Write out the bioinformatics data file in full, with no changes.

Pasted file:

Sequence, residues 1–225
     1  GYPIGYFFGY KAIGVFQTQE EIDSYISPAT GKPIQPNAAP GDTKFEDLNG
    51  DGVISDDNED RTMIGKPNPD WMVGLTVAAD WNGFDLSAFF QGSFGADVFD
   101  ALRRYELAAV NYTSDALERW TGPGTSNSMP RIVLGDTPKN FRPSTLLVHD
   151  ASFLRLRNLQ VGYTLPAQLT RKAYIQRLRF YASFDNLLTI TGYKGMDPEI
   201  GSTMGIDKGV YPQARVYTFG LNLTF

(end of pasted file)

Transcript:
Sequence, residues 1–225
     1  GYPIGYFFGY KAIGVFQTQE EIDSYISPAT GKPIQPNAAP GDTKFEDLNG
    51  DGVISDDNED RTMIGKPNPD WMVGLTVAAD WNGFDLSAFF QGSFGADVFD
   101  ALRRYELAAV NYTSDALERW TGPGTSNSMP RIVLGDTPKN FRPSTLLVHD
   151  ASFLRLRNLQ VGYTLPAQLT RKAYIQRLRF YASFDNLLTI TGYKGMDPEI
   201  GSTMGIDKGV YPQARVYTFG LNLTF